This is a double whammy. In Calvin’s day, there was a general understanding of an ever-present God. Today, in Western culture, after the Enlightenment, Modernism, and in the last 60 years, post-modernism, the concept of God has been diluted. God’s presence is not so clear and real in the modern 21st Century. Something like: “Yea, God is out there somewhere, I’ll call Him when I need Him, otherwise I will get on with my life my way.”

So the idea that I need to make a decision to “invite God into my heart” together with Calvin’s idea that the salvation and later preservation of our salvation is all God’s work, leads to the dangerous attitude that we can say a short prayer and then are OK. That is the surest way of losing salvation. Possibly never having salvation in the first place.

Jesus did say:

And I give unto them eternal life; and they shall never perish, neither shall any man pluck them out of my hand. My Father, which gave them me, is greater than all; and no man is able to pluck them out of my Father’s hand.  I and my Father are one.

John 10:28-30

But we can take ourselves out of God’s hand ourselves. Jesus did also say that we must abide in Him. That is an instruction to use our own free will. Jesus uses the conditional word “if“:

Abide in me, and I in you. As the branch cannot bear fruit of itself, except it abide in the vine; no more can ye, except ye abide in me. I am the vine, you are the branches: He that abides in me, and I in him, the same brings forth much fruit: for without me you can do nothing. If a man abide not in me, he is cast forth as a branch, and is withered; and men gather them, and cast them into the fire, and they are burned.

John 15:4-6

Paul writing to the Colossians made this “abiding” clear. He too uses the conditional word “if“:

And you, that were sometime alienated and enemies in your mind by wicked works, yet now has he reconciled in the body of his flesh through death, to present you holy and unblameable and unreproveable in his sight: if you continue in the faith grounded and settled, and be not moved away from the hope of the gospel, which you have heard, and which was preached to every creature which is under heaven; whereof I Paul am made a minister;

Colossians 1>21-23

Perseverance of the Saints

The Calvinistic tradition believes election as unconditional, that regeneration as permanent, and the certainty of final perseverance towards salvation for the elect. That’s fine up until I ask myself, “Am I elected?”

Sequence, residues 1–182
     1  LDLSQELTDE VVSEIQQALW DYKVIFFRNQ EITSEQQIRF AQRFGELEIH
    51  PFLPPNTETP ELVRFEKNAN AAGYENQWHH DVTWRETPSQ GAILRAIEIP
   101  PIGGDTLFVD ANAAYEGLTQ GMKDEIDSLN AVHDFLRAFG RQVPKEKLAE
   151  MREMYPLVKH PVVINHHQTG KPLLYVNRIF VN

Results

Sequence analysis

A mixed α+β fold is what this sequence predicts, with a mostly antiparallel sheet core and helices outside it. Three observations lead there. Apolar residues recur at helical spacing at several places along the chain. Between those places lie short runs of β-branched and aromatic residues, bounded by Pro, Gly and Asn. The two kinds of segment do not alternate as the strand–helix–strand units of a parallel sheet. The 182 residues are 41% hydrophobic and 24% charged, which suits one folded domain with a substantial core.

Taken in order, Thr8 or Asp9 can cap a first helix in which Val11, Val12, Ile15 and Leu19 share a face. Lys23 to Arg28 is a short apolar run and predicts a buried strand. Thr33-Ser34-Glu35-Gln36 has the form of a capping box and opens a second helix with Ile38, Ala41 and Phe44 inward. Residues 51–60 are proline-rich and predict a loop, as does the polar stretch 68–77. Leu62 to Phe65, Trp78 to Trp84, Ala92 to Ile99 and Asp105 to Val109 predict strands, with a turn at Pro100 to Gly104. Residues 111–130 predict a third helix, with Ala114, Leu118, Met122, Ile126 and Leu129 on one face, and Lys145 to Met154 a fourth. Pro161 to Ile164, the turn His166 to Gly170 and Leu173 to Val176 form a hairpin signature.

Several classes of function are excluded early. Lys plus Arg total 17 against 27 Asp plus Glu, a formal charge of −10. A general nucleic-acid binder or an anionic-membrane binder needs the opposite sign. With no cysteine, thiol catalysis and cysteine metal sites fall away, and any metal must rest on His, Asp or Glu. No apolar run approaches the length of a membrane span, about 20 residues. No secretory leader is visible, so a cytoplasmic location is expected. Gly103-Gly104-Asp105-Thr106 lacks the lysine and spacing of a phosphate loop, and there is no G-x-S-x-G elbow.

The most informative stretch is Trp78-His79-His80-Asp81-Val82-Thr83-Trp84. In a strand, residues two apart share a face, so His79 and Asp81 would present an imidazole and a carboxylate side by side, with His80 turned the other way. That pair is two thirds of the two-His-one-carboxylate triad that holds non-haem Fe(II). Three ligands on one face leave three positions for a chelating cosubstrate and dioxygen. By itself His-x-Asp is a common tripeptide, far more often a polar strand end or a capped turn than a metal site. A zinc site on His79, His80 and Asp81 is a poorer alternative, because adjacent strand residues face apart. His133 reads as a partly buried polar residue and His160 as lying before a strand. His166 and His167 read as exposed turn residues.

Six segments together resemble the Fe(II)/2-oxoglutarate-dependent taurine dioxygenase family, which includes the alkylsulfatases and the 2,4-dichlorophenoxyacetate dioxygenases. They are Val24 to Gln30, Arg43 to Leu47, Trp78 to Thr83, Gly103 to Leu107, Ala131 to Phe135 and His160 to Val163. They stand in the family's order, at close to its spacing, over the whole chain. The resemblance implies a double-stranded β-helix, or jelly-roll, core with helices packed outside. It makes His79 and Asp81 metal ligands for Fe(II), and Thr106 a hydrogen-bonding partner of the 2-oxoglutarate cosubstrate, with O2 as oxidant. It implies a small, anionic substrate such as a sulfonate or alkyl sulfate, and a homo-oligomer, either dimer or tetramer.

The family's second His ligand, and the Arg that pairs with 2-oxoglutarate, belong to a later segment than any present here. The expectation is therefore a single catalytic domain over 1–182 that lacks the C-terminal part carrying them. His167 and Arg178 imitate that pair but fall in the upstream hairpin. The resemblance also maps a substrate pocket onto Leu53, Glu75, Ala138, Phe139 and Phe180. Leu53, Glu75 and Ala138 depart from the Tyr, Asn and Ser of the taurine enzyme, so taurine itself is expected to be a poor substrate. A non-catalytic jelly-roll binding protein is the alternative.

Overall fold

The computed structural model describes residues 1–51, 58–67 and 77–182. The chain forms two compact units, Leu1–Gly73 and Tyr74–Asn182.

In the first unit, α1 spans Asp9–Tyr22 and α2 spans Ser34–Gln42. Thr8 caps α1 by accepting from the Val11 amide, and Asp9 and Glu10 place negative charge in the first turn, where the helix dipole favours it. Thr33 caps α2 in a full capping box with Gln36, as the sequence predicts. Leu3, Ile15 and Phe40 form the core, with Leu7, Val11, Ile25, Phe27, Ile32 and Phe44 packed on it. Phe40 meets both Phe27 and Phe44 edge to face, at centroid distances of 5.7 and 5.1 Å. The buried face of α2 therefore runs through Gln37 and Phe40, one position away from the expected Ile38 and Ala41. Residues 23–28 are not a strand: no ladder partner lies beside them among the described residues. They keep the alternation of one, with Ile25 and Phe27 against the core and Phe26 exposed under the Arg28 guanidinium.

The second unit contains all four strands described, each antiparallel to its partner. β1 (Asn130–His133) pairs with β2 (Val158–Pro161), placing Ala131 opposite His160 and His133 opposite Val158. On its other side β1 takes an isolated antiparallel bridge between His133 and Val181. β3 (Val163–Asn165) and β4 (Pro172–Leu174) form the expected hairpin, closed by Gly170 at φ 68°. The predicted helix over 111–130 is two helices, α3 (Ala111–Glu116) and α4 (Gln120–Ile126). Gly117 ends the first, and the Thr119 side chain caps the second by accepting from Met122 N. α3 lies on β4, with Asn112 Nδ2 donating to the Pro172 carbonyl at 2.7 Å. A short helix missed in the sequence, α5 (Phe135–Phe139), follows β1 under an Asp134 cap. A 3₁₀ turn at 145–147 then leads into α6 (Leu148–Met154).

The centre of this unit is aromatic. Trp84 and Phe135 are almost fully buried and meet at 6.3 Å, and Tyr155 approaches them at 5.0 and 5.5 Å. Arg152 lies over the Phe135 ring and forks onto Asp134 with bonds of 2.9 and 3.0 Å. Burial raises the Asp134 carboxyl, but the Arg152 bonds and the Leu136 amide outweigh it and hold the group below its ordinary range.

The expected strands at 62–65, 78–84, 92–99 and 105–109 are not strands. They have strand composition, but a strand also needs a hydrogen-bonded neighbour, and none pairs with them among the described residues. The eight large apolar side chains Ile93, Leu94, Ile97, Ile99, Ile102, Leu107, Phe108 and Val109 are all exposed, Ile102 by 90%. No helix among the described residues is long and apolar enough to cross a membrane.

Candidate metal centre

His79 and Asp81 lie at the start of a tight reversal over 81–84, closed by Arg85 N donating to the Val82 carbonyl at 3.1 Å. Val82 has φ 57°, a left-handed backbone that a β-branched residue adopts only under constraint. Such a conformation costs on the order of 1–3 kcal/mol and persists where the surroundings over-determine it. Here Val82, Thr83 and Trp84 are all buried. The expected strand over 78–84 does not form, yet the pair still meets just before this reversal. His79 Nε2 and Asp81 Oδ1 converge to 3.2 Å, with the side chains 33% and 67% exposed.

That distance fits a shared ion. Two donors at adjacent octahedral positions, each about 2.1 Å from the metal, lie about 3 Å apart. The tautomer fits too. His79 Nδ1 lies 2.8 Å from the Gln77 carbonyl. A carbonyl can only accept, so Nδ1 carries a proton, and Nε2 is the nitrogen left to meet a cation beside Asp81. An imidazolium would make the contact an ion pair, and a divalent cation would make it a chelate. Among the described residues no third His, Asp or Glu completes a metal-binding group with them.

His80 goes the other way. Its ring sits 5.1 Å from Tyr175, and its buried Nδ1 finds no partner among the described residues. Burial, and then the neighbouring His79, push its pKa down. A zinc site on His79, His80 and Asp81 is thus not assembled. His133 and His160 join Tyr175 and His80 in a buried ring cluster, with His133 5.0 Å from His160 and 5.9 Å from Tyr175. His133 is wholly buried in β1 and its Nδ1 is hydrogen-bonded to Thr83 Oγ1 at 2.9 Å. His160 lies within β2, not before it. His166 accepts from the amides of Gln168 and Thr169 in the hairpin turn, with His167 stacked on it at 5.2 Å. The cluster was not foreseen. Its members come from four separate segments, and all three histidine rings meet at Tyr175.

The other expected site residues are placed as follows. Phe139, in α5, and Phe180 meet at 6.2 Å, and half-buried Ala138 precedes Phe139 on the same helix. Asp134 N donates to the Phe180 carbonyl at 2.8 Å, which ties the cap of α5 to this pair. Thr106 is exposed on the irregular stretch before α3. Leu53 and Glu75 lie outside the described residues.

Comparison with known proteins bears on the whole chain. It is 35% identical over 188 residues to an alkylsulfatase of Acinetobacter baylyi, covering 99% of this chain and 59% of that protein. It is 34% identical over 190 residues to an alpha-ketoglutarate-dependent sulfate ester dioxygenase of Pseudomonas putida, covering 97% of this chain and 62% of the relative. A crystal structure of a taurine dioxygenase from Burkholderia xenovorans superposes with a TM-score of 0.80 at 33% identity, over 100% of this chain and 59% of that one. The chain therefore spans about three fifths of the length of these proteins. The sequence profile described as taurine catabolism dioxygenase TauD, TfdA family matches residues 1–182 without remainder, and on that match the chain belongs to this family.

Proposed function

I have met Calvinists who were absolutely sure of their salvation, but then turned away from God. Total rejection. The Calvinist explanation is standard, “They were not saved, actually saved.”
Yet they believed they were. So how can I be sure that I will be walking with God in a year’s time?

The answer is there in the Bible. Peter tells us how we can have assurance of salvation: “For as much then as Christ hath suffered for us in the flesh, arm yourselves likewise with the same mind. ” (1 Peter 4:1) And

Jesus our Lord, according as his divine power has given unto us all things that pertain unto life and godliness, through the knowledge of him that has called us to glory and virtue: whereby are given unto us exceeding great and precious promises: that by these you might be partakers of the divine nature, having escaped the corruption that is in the world through lust. And beside this, giving all diligence, add to your faith virtue; and to virtue knowledge; and to knowledge temperance; and to temperance patience; and to patience godliness; and to godliness brotherly kindness; and to brotherly kindness charity. For if these things be in you, and abound, they make you that you shall neither be barren nor unfruitful in the knowledge of our Lord Jesus Christ. But he that lacks these things is blind, and cannot see afar off, and hath forgotten that he was purged from his old sins. Wherefore rather, brethren, give diligence to make your calling and election sure: for if ye do these things, ye shall never fall.

2Peter 1:3-10

Assurance of Salvation comes from choosing Christ and not the “World.”
If we really choose Christ, then we live according to Christ, and not according to the “World.”
Then we do not need to doubt.

Good intentions do not guarantee good results. Relying on our own strength we are sure to fail, but with the help of the Holy Spirit through grace, we can persevere to the end.

Featured image by Tumisu